One of the things I can’t get my head around while winterly situated here in Los Angeles, on the city’s westside is, despite the area’s affluence, your nearby Beverly Hills, your Bel Airs, Brentwoods, Santa Monicas, the whole Westside scene, I’m living in a relative rapid transit desert. Lots of bus service, for sure, but the nearest LRT stop is the better part of a half-hour bus ride away, and the subway nearly an hour. It takes a long time to use public transit to get to almost anywhere else in the city from here.
This is pretty much the complete opposite from my regular place of residence in downtown-ish Toronto. While not as entirely upscale as this area in Los Angeles, it’s doing alright, thank you very much, and it is awash in access to public transit. Buses, streetcars, subways, you name it. You can get everywhere but to some of the farthest reaches of the city in a not entirely unacceptable period of time.
Ease of transit access with plenty of mobility options is a fairly standard characteristic of desirability in neighbourhoods and cities these days except when it’s not. Like on the westside of Los Angeles which has had history of fighting any invasion of rapid transit, from subways to bus lanes. But these places are more enclaves than neighbourhoods, existing outside or above the notion of city rather than as part of it.
Despite such resistance, however, rapid transit is continuing its slow march to the Pacific. In May, the Expo LRT line will open up an extension westward into Santa Monica. There are plans to continue burrowing the Purple Line subway under Wilshire Boulevard in order to eventually connect the woefully underserved UCLA Westwood campus and Ronald Reagan hospital complex. If, that is, the latest ballot initiative, a successor and extension of the 2008 Measure R, gets the thumbs-up from 2/3s of voters when it goes before them in November, to bump the L.A. County sales tax another half-a-cent which would raise $120 billion over the next 40 years, all dedicated to building transportation projects. Lots and lots of transportation projects.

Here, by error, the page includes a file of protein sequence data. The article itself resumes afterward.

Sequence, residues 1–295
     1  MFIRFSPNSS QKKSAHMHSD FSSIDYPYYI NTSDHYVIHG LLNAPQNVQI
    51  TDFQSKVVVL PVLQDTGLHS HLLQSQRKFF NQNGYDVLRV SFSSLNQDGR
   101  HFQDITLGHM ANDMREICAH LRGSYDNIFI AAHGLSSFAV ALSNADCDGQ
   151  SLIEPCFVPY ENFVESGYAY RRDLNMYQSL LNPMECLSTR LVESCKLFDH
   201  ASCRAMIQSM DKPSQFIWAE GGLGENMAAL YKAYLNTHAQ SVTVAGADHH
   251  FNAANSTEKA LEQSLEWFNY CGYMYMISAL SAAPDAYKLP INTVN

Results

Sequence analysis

The passage of this measure, finalized for consideration this June, would usher in yet another frenzy of transit building in Los Angeles, a city already something of a frenzied madhouse of transit building for a couple decades now. More than 3 dozen mass transit and highway improvements over the next 40 years, according to the LA Times’ Laura J. Nelson. Pretty much 40-in-40 if you can get your head around that degree of expansion.
“What we’ve been saying is, everyone is going to get something, and no one is going to get everything,” a Metro Transportation Agency representative said.
Fair enough, on the face of it. $120 billion is a lot of money, $3 billion a year over 40 years, but it is still a limited resource. Not everyone will be completely satisfied. Just how unhappy some are, however, will determine if this proposed measure passes muster in November.